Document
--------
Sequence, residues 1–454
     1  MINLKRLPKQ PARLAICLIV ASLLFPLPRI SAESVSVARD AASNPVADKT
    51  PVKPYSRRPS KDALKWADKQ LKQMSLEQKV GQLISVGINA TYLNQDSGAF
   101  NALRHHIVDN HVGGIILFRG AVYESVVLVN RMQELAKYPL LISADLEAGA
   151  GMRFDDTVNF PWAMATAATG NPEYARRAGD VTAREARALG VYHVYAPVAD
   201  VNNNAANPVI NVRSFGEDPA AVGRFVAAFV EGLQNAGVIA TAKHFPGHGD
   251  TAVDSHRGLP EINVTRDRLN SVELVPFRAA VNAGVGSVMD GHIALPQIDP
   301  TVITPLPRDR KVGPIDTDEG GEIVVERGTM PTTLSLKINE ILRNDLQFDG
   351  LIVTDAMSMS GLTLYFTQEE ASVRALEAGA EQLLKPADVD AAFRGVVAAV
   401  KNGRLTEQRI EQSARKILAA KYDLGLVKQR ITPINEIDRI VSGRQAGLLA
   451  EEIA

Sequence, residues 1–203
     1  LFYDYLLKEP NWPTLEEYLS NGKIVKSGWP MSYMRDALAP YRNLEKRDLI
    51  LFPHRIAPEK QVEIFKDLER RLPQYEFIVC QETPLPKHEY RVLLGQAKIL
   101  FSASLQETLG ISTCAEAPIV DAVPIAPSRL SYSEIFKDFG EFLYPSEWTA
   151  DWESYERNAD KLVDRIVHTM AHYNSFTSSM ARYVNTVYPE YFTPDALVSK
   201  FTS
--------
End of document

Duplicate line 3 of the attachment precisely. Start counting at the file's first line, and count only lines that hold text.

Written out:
    51  PVKPYSRRPS KDALKWADKQ LKQMSLEQKV GQLISVGINA TYLNQDSGAF